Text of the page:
Precalculus (11th or 12th Grade)
This course has three principal functions: to review concepts from Algebra II that are central to calculus, to study trigonometry, and to cover miscellaneous mathematics topics needed for advanced math courses. The material central to calculus includes topics focusing on the concept of functions including polynomial, trigonometric, logarithmic, and exponential. Other topics covered include sequences and series, permutations and combinations, and introductory probability and statistics. Throughout the course, students are introduced to the basic facts and techniques of each of these topics, and shown how to use the graphing calculator to solve problems.
Precalculus Honors (11th Grade)
This course covers the topics from Pre-calculus in more depth along with the additional topics of conic sections, polar coordinates and parametric equations. Students are expected to stretch what they know by solving problems requiring advanced conceptual understanding. A theoretical approach is utilized to prepare students for the rigors of Advanced Placement Calculus. The TI-84 calculator is an integral part of this course.
Calculus (12th Grade Elective)
In this course, students will analyze graphs of functions, limits of functions, asymptotic and unbounded behavior of functions, and the continuity of functions. Students will learn the concept of a derivative and evaluate the derivative at a point, the derivative as a function, the second derivative, and applications of derivatives. Students will finish the course with a thorough evaluation of the integral, including evaluating integrals, applications of integrals, and study of the Fundamental Theorem of Calculus. The focus of Regular Calculus is to promote the conceptual understanding of calculus which will allow students to appreciate some of the greatest achievements of the human mind and to be better prepared to excel in college level calculus classes.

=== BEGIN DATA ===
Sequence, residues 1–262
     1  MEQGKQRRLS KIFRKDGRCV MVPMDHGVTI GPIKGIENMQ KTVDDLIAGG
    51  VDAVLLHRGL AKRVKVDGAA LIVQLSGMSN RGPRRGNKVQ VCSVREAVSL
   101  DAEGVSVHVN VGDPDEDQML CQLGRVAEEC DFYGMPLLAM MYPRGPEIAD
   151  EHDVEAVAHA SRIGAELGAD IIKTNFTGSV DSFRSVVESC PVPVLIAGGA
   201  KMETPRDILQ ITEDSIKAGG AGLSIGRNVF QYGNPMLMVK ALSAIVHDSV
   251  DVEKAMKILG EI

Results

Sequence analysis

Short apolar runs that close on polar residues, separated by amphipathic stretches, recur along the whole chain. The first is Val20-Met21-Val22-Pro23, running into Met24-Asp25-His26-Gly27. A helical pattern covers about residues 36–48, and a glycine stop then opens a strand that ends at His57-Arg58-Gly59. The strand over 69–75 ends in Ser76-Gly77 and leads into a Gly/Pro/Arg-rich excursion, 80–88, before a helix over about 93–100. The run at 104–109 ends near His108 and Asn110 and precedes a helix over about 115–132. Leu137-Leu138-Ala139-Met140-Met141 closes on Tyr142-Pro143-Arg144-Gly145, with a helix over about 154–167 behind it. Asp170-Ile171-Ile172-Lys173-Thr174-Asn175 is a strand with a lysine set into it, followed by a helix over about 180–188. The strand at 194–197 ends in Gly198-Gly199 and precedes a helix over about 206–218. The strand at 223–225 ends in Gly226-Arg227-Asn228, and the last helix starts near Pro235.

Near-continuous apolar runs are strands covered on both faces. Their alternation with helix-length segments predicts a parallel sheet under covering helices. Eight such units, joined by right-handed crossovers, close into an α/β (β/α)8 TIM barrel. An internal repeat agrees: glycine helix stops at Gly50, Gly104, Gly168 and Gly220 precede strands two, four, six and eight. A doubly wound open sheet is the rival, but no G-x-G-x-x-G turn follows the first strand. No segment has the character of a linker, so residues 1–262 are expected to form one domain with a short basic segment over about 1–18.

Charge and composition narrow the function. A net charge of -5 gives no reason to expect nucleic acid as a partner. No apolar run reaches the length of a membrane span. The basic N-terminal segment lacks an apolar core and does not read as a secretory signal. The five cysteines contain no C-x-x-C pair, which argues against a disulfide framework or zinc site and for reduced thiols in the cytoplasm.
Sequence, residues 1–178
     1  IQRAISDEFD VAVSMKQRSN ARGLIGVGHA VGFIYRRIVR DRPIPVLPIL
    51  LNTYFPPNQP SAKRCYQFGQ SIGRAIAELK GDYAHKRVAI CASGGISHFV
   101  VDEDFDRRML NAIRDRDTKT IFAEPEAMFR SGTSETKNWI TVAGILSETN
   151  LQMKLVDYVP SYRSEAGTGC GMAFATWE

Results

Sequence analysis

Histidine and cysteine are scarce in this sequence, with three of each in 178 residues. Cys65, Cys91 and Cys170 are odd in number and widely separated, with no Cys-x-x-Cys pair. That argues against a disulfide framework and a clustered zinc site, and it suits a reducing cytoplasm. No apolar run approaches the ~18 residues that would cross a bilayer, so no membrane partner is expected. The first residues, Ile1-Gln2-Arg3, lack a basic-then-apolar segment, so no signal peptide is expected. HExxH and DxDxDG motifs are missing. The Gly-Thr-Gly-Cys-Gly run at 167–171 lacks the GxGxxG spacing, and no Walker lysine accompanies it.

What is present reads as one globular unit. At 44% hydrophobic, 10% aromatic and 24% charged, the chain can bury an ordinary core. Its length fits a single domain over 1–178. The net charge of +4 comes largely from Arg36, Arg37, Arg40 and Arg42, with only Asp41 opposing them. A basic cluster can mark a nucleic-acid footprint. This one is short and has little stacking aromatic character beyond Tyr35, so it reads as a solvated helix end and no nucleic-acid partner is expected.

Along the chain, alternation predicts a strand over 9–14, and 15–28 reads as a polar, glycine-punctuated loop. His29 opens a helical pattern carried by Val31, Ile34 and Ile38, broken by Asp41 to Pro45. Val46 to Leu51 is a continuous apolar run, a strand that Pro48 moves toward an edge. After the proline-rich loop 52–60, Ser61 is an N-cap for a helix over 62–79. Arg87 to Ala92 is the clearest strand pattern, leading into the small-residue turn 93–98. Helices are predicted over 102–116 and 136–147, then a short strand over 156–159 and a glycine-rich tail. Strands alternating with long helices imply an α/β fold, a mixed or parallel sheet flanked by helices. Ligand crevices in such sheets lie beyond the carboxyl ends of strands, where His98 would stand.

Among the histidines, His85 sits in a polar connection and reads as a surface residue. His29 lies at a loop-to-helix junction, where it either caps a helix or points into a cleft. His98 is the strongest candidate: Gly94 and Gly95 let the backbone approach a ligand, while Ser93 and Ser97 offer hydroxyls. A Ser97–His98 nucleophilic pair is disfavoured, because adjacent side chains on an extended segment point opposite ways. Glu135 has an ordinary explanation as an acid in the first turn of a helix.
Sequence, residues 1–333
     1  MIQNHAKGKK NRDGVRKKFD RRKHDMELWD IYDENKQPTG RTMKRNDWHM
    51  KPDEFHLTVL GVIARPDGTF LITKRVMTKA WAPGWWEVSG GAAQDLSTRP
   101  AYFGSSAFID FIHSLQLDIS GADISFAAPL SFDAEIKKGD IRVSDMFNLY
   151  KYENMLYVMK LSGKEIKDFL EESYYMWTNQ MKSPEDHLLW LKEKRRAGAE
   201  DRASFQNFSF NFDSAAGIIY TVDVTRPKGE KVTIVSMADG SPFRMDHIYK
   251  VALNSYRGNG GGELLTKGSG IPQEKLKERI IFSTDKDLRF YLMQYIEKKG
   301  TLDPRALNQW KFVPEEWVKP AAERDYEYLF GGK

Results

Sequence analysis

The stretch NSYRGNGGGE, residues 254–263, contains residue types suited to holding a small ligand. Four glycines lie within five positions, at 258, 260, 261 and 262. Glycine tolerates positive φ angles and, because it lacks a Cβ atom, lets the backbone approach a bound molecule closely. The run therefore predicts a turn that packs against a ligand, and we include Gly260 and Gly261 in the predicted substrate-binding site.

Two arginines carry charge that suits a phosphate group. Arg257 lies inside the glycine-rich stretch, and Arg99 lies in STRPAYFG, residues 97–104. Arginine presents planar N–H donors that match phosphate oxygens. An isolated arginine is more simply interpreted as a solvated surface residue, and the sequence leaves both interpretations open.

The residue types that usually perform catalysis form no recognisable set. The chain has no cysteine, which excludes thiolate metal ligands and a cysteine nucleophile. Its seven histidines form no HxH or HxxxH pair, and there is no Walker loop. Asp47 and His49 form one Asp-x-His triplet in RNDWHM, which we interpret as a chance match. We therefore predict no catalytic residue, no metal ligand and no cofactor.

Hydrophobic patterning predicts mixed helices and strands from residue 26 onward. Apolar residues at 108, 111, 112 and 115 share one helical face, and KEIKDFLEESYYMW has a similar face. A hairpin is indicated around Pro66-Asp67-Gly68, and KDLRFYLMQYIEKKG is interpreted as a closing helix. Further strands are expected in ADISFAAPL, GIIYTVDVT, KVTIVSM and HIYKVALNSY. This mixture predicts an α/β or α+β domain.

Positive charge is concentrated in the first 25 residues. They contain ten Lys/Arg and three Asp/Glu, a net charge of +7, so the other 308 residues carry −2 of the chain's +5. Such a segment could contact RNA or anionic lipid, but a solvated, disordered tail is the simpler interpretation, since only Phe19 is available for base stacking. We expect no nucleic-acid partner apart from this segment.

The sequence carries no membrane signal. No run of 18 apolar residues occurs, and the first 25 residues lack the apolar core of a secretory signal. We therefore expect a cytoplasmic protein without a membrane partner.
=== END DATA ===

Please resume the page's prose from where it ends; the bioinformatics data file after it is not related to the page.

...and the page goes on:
AP Calculus AB or BC (12th Grade Elective)
In AP Calculus, students are introduced to a different version of mathematics in which they are encouraged to develop an appreciation of calculus as a coherent body of knowledge and as a human accomplishment. In this course students learn to model a written description of physical situations with various functions, differential equations, or integrals. They determine the reasonableness of solutions, including sign, size, relative accuracy, and units of measurement. To understand and learn Calculus better, the teacher uses the mathematical software programs (TI emulator and calculus in motion) extensively. These programs allow students to display, transform, and rotate various shapes and graphs in two or three-dimensional space, which makes the visualizing of, complicated solids significantly easier. The lessons develop students’ mastery of those algebraic techniques necessary for problem solving and mathematical modeling. These lessons also invoke the students to improve their logical reasoning skills needed in other science and business courses. Both AP Calculus courses (AB and BC) are challenging courses reserved for the strongest math students. Calculus BC is extremely challenging and fast-paced and will cover a few additional subjects, including sequences and series, definite integrals, differentiation, and parametric equations. Teacher recommendation is required for entry into either AP Calculus course.